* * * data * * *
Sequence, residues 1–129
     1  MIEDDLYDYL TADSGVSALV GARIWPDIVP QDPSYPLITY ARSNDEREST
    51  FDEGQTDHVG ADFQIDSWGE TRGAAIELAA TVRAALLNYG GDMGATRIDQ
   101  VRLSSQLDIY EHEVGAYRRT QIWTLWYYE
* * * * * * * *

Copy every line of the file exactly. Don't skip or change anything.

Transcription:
Sequence, residues 1–129
     1  MIEDDLYDYL TADSGVSALV GARIWPDIVP QDPSYPLITY ARSNDEREST
    51  FDEGQTDHVG ADFQIDSWGE TRGAAIELAA TVRAALLNYG GDMGATRIDQ
   101  VRLSSQLDIY EHEVGAYRRT QIWTLWYYE